56      Nor, contrary to DocMorris’s and the Commission’s submissions, can the risks to the independence of the profession of pharmacist be excluded with the same effectiveness by the means consisting in the imposition of an obligation to take out insurance, such as insurance for vicarious civil liability. While that measure might enable the patient to obtain financial reparation for any harm suffered by him, it operates after the event and would be less effective than the rule excluding non-pharmacists in that it would not in any way prevent the operator concerned from exerting influence over the employed pharmacists.

57      Accordingly, it has not been established that another measure that restricts the freedom guaranteed by Article 43 EC less than the rule excluding non-pharmacists would make it possible to ensure just as effectively the level of reliability and quality in the provision of medicinal products to the public that results from the application of that rule.

58      Consequently, the national legislation at issue in the main actions proves appropriate for securing attainment of the objective pursued by it and does not go beyond what is necessary for attaining that objective. It must therefore be accepted that the restrictions flowing from the national legislation may be justified by that objective.

59      This conclusion is not called into question by the judgment in Case C-140/03 Commission v Greece [2005] ECR I‑3177, upon which Saarland, the Ministry, DocMorris and the Commission rely, where the Court ruled that the Hellenic Republic had failed to fulfil its obligations under Articles 43 EC and 48 EC by enacting and maintaining in force national provisions under which the establishment by a legal person of an optician’s shop was subject inter alia to the condition that authorisation for the establishment and operation of that shop had to have been granted to a recognised optician who was a natural person and the person holding the authorisation to operate the shop had to hold at least 50% of the company’s share capital and participate at least to that extent in the profits and losses of the company.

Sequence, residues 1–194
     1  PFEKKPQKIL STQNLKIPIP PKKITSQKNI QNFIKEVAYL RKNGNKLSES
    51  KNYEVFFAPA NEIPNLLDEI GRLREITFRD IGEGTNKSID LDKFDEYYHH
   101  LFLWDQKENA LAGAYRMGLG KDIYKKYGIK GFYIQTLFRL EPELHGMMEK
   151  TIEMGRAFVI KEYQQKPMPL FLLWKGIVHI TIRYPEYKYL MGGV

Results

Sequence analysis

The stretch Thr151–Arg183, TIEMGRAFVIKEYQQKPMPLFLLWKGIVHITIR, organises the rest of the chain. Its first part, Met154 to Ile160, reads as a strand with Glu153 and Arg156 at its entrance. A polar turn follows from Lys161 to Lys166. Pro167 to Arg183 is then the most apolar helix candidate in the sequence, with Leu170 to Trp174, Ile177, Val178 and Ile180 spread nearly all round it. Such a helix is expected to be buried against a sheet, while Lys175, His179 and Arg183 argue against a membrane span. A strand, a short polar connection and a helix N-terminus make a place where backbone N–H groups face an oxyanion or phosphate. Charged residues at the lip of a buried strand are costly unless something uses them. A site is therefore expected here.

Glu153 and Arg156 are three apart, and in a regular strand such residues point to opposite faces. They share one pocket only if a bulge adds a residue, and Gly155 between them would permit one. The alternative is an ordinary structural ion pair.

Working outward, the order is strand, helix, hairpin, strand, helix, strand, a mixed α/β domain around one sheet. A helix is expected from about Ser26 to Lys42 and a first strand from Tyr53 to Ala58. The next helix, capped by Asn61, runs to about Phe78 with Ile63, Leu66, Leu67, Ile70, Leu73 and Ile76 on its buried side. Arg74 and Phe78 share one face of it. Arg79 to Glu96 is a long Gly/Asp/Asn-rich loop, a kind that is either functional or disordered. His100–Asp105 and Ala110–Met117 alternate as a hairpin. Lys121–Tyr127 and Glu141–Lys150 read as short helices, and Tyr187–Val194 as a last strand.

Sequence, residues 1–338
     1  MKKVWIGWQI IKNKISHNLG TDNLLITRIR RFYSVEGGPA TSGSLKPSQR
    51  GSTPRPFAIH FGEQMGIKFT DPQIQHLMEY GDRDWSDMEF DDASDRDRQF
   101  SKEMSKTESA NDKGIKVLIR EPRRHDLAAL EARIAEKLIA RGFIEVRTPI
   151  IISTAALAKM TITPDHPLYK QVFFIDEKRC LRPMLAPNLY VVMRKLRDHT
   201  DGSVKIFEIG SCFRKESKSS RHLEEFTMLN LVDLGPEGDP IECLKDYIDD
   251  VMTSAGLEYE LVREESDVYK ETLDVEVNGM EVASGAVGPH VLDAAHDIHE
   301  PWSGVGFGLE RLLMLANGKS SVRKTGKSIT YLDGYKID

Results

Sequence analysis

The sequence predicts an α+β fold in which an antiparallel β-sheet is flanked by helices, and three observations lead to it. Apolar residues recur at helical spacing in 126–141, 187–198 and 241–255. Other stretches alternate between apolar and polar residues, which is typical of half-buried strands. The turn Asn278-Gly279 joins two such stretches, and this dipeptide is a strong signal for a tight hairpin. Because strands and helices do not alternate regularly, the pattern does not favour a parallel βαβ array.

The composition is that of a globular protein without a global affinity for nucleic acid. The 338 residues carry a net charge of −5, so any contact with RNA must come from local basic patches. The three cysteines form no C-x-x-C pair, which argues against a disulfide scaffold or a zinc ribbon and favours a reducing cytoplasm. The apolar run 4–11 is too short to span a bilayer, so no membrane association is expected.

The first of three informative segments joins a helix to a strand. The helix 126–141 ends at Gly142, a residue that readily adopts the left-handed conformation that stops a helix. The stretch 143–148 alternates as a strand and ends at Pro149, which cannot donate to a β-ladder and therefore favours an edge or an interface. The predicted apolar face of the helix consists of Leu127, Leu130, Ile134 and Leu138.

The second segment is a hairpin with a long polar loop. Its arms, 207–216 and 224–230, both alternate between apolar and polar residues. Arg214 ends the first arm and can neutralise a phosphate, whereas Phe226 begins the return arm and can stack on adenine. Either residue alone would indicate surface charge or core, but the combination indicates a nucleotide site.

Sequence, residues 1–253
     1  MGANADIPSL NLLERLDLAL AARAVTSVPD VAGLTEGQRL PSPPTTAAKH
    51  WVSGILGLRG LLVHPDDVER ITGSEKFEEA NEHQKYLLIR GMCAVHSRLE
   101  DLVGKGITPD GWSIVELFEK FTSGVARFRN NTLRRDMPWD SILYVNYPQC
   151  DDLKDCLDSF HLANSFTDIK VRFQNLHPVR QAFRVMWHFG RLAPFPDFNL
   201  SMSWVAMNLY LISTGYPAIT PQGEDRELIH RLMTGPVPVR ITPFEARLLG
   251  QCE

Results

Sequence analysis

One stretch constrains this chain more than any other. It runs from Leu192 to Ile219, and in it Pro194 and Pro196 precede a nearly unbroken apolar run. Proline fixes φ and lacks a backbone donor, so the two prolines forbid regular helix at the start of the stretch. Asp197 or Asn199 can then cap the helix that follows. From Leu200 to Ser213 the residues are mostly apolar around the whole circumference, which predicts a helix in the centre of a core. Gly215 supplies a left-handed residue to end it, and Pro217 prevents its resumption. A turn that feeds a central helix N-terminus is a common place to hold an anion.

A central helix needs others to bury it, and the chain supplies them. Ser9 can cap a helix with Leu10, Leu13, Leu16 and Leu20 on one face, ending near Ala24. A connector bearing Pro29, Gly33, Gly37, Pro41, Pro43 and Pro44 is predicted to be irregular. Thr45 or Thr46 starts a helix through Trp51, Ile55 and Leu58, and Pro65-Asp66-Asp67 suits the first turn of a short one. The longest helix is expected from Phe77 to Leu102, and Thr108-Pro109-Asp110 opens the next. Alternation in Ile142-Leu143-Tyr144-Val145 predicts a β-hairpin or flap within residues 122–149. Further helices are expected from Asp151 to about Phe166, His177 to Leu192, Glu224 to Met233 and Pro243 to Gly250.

60      Given the particular nature of medicinal products and of the medicinal-product market, and as Community law currently stands, the Court’s findings in Commission v Greece cannot be transposed to the field of the retail supply of medicinal products. Unlike optical products, medicinal products prescribed or used for therapeutic reasons may none the less prove seriously harmful to health if they are consumed unnecessarily or incorrectly, without the consumer being in a position to realise that when they are administered. Furthermore, a medically unjustified sale of medicinal products leads to a waste of public financial resources which is not comparable to that resulting from unjustified sales of optical products.

61      In view of all the foregoing, the answer to the first question is that Articles 43 EC and 48 EC do not preclude national legislation, such as that at issue in the main actions, which prevents persons not having the status of pharmacist from owning and operating pharmacies.

 Question 2

62      Given the reply to the first question, there is no need to answer the second question.

 Costs

63      Since these proceedings are, for the parties to the main proceedings, a step in the actions pending before the national court, the decision on costs is a matter for that court. Costs incurred in submitting observations to the Court, other than the costs of those parties, are not recoverable.

On those grounds, the Court (Grand Chamber) hereby rules:

Articles 43 EC and 48 EC do not preclude national legislation, such as that at issue in the main actions, which prevents persons not having the status of pharmacist from owning and operating pharmacies.

[Signatures]


* Language of the case: German.